College of Humanities, Arts, and Sciences
This beautiful showcase of innovative masterpieces past and present features principal bassist of the WCFSO, UNI faculty member, and artistic director and founder of the Cedar Valley Chamber Music Festival, Hunter Capoccioni performing John Harbison’s Concerto for Bass Viol. Harbison, one of today’s most influential American composers, brings to life one of the most powerful and rarely featured orchestral instruments.
Framed by Samuel Barber’s Medea ballet suite and orchestral music from Mozart’s opera La Clemenza de Tito, this intriguing program invites a conversation between the past and the present. Barber’s characteristically romantic melodies are fused with the Greek mythological tale of Medea. Mozart’s final historical opera, La Clemenza de Tito, rounds out this thought-provoking display of the ways musical language combines past and present.
The UNI Interpreters Theatre presents "Convict," written and directed by Joshua Hamzehee. Admission is free, but seated is limited. Doors open at 7 p.m.
The UNI Interpreters Theatre presents "Comvict," written and directed by Joshua Hamzehee. Admission is free, but seating is limited. Doors open at 7 p.m.
UNI School of Music faculty artist Amanda McCandless will coordinate this event, featuring master classes and performances by guest artists Keith Lemmons, Kimberly Cole Luevano and Daniel Friberg with UNI faculty pianist Robin Guy. This event is free and open to the public, but does require registration.
The UNI Interpreters Theatre presents "Convict," written and directed by Joshua Hamzehee. Admission is free, but seating is limited. Doors open at 7 p.m.
View the night sky from the comfort of the Earth Science planetarium. Two free showsat 7 and 8 p.m.; shows last approximately 30 minutes. All ages are welcome.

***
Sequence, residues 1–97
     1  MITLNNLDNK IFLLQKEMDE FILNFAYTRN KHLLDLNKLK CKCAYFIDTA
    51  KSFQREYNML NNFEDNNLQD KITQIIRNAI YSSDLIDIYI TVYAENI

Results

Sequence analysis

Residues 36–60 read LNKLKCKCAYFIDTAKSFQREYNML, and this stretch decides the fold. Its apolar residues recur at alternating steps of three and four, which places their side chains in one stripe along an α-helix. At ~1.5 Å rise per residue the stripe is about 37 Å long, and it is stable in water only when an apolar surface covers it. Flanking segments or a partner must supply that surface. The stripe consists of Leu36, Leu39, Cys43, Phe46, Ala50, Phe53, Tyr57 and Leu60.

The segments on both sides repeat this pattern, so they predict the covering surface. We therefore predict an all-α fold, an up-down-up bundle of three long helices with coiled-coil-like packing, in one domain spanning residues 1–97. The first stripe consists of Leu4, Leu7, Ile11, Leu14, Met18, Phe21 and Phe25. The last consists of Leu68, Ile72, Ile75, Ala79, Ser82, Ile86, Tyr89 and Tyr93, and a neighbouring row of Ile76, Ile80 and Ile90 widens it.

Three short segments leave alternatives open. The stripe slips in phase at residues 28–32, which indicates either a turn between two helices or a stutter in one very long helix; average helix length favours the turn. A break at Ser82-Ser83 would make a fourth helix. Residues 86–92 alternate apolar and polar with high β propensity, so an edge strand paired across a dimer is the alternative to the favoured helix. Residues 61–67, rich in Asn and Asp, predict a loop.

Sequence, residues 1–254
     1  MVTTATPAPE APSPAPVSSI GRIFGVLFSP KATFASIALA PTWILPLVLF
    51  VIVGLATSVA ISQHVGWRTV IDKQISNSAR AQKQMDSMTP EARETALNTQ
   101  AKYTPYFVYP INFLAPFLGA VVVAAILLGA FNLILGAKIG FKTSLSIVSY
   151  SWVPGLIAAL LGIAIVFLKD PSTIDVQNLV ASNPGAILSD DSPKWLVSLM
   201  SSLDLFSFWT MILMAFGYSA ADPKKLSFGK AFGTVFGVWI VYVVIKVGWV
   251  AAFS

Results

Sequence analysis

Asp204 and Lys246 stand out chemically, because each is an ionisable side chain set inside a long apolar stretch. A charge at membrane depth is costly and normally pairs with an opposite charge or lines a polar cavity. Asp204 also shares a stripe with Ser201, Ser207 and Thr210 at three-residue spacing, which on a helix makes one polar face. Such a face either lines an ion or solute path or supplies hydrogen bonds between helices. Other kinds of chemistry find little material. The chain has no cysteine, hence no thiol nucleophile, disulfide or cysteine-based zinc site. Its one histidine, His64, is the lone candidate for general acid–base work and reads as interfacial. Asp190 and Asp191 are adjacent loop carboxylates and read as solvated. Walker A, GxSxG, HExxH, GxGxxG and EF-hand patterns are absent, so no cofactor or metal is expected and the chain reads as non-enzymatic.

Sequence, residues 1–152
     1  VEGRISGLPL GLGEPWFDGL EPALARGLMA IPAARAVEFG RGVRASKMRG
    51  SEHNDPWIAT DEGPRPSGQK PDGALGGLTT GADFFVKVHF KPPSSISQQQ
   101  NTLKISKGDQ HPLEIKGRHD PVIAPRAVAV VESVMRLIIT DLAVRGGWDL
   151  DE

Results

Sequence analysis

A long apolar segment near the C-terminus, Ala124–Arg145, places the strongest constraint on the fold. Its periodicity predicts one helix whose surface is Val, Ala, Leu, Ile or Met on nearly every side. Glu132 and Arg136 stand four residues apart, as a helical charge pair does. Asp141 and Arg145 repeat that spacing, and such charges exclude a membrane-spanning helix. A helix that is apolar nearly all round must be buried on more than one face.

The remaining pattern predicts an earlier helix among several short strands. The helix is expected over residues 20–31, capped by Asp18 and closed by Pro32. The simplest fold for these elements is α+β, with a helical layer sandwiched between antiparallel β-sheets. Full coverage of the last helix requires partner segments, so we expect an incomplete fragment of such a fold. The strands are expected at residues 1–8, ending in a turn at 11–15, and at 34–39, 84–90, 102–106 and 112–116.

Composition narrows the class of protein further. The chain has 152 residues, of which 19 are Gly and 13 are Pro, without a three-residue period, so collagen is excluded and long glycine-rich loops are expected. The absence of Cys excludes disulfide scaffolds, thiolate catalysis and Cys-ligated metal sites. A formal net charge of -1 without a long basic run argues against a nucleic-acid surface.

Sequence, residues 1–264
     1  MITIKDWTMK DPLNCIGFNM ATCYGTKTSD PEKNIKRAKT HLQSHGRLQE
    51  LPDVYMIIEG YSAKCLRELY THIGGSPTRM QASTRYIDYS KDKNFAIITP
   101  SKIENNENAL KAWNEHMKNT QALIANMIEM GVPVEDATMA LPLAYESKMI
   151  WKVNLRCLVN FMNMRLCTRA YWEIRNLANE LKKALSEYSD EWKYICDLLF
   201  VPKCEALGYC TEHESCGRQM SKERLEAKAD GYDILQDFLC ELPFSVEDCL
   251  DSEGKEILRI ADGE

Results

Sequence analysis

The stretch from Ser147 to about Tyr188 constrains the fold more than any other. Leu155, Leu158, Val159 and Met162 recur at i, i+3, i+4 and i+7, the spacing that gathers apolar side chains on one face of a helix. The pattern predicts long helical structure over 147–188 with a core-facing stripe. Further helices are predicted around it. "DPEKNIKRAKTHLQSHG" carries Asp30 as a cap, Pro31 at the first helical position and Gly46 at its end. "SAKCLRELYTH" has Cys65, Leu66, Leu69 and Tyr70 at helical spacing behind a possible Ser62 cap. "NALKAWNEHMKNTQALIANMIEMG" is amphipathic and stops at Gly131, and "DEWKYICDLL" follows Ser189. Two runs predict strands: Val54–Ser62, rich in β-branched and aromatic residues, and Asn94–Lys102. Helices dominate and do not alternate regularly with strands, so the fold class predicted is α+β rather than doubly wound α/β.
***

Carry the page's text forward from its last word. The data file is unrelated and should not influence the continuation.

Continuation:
This month's Final Thursday Reading Series features a book release reading by Jason Bradford, a UNI alumnus and author of the new poetry chapbook The Inhabitants. Bradford's reading will be preceded by a creative writing open mic. This event is co-sponsored by the College of Humanities, Arts & Sciences.
Visiting artist Kirsten Yon will present a violin recital. Yon has performed with numerous professional orchestras across the United States and South America, including the Ann Arbor Symphony, the New World Symphony, and the Houston Symphony Orchestra. An acclaimed teacher, performer and clinician, she received her undergraduate and graduate degrees from the University of Michigan and the Cleveland Institute of Music before pursuing her Doctor of Musical Arts degree at the Shepherd School of Music at Rice University. Yon is currently in residence at the University of Houston where she is Associate Professor of Violin. This event is free and open to the public.
Guest artist and returning UNI alumna Hannah Leffler will present a flute recital with guest pianist Du Huang. Leffler currently holds the position of Adjunct Professor of Flute at Luther College, serves as flute faculty at the Northeast Iowa School of Music and manages a private studio in the Waterloo area. She performs frequently with the Oklahoma City Philharmonic and is a principal substitute flutist for the Waterloo-Cedar Falls Symphony Orchestra and the Dubuque Symphony Orchestra. She received a Master’s degree in flute performance from the University of Northern Iowa. This event is free and open to the public.
“Cinderella” is the classic story of the lowly stepdaughter who is tormented by her cruel stepmother and stepsisters, but with the help of her fairy godmother, gets to go to the ball at the palace, and eventually wins the heart of her prince. The sumptuous costumes, jubilant music by Prokofiev, lush scenery and hilarious double-roles of the stepsisters make the Russian National Ballet Theatre’s presentation of this masterpiece and evening not to be missed.
The Russian National Ballet Theatre was founded in Moscow in the late 1980s during the transitional period of Perestroika, when many great dancers and choreographers of the former Soviet Union began exercising their newfound freedom by starting new, vibrant companies, bringing a fresh, invigorating spirit to the timeless tradition of classical ballet.